Ina Fried

Recent Posts by Ina Fried

Led by Apple’s iPhone and iPad, Mobile Devices Now Dominate Airport Wi-Fi

Not long ago, airport Wi-Fi connections were dominated by laptops, with only a small number of mobile phones hopping onto such networks.

These days, though, smartphones and tablets make up more than half of such connections, according to new data released on Tuesday by Boingo Wireless. February was the first month that mobile devices outnumbered laptops; by May, such devices amounted to 59 percent of Wi-Fi connections.

A year ago, laptops represented two-thirds of Boingo’s connections, and two years ago, just a quarter of machines accessing the airport Wi-Fi networks were mobile devices.

“Since the launch of the iPhone in June 2007, we’ve seen a marked growth trend for non-laptop devices, but the exponential growth in iPhones and iPads in the last year pushed mobile devices past laptops, showcasing just how disruptive the trend is,” Boingo VP Dawn Callahan said in a statement.

Boingo notes that laptops aren’t going away — mobile devices are just proliferating much faster. There are twice as many laptops, for example, than there were in 2007. However the smartphone has taken off, fueled by the launch of the iPhone in June of 2007.

Apple’s iOS continues to dominate the mobile space, accounting for 83 percent of the mobile total. Combined, all Android devices are still a distant fourth place behind the iPhone, iPad and iPod Touch when it comes to popularity on Boingo’s network.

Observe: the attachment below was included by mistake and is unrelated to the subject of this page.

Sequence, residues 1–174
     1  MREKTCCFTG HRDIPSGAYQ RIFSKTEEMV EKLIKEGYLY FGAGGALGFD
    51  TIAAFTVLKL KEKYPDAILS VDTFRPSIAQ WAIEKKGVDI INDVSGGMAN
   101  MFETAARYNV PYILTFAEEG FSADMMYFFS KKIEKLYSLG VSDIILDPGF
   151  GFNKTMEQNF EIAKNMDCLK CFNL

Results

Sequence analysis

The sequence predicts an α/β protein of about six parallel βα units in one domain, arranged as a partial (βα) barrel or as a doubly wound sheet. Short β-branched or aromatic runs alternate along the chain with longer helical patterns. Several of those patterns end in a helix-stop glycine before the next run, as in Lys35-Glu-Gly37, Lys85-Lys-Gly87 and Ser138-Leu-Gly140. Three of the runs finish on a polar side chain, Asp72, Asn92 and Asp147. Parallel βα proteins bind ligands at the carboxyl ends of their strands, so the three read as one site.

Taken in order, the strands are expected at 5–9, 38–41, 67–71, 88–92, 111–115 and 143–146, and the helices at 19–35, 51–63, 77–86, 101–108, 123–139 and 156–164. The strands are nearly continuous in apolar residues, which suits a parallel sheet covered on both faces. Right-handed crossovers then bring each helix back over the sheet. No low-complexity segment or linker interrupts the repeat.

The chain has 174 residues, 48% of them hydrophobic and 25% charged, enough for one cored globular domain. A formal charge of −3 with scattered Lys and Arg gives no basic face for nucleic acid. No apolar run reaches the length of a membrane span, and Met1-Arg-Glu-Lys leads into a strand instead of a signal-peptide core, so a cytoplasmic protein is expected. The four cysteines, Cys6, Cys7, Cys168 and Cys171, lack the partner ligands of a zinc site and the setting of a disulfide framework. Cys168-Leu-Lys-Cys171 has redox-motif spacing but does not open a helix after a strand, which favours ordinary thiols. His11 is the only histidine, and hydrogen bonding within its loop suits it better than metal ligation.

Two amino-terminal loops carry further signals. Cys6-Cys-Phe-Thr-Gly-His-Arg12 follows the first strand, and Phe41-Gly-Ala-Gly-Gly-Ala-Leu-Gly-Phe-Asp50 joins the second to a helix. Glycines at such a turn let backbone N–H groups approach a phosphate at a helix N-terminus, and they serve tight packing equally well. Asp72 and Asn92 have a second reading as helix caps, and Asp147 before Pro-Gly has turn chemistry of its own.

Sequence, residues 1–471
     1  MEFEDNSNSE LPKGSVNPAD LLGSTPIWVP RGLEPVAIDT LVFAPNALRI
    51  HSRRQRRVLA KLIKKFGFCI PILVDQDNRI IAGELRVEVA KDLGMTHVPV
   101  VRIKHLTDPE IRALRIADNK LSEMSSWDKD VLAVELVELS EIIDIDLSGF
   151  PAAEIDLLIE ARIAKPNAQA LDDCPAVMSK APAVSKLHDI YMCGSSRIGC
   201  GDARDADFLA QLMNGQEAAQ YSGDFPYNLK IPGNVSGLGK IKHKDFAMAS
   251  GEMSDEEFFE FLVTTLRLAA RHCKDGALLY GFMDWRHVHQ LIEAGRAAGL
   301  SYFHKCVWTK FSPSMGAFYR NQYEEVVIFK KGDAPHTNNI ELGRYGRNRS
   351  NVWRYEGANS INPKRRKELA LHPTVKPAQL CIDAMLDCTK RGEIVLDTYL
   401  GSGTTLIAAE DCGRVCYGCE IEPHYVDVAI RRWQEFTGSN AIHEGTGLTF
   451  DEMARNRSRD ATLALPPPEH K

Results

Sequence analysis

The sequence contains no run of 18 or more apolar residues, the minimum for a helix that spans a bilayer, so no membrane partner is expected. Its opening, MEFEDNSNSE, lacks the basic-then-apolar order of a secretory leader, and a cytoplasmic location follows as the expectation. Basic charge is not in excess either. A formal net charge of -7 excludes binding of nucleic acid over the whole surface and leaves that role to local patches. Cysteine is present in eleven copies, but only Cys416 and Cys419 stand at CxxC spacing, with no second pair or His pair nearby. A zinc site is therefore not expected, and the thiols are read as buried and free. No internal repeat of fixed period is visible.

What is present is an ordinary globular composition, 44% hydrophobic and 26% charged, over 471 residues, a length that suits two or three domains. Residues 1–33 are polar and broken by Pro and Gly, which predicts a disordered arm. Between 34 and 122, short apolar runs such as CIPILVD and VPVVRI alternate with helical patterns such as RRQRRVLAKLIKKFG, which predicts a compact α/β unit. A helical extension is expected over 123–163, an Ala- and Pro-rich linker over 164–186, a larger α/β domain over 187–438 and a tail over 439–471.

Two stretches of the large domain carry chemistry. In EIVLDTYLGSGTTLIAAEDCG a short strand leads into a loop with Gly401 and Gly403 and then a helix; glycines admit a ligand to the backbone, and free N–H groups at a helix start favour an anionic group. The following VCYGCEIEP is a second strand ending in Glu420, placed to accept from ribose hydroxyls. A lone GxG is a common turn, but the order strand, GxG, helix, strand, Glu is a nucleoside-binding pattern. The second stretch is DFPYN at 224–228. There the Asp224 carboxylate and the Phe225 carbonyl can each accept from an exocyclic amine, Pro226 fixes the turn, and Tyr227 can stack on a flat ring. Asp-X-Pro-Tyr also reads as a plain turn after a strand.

The findings mirror a rise in mobile devices using inflight Wi-Fi, such as that offered by Gogo. In the air, iPads account for more than a third of big-screen connections, compared to about 20 percent for Macs and 41 percent for Windows PCs. Android devices trail Apple’s mobile products on Gogo’s networks as well.

Mobile devices are also gobbling up a lot more data than they did just two years earlier, Boingo said. On a monthly basis, the average mobile device consumed 211 megabytes of data in June, compared with 114 megabytes in May 2009. And the devices are also consuming that data in less time, gulping an average of 8.9 megabytes in every 10 minutes of use, compared with 3.7 megabytes in the same period two years earlier.

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I think the NSA has a job to do and we need the NSA. But as (physicist) Robert Oppenheimer said, “When you see something that is technically sweet, you go ahead and do it and argue about what to do about it only after you’ve had your technical success. That is the way it was with the atomic bomb.”

— Phil Zimmerman, PGP inventor and Silent Circle co-founder, in an interview with Om Malik